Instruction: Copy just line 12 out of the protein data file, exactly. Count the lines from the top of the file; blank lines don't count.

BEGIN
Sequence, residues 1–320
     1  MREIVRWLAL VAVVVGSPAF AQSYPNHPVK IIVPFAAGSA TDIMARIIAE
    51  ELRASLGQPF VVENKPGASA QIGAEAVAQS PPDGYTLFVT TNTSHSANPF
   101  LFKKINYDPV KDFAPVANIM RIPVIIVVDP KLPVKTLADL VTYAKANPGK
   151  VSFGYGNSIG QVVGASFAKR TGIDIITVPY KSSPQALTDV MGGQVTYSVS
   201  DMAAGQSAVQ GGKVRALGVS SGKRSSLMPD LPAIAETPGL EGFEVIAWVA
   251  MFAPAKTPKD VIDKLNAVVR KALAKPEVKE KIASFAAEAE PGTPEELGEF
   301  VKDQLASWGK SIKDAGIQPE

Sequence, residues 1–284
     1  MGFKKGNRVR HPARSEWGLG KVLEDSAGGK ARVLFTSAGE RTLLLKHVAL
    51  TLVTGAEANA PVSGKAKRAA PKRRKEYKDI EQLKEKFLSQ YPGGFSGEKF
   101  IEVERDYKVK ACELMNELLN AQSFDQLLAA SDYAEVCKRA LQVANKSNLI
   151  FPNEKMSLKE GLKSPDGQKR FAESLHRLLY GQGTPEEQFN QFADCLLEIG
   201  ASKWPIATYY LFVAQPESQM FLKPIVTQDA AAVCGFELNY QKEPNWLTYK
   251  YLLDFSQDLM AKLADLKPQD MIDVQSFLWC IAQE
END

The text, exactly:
   101  IEVERDYKVK ACELMNELLN AQSFDQLLAA SDYAEVCKRA LQVANKSNLI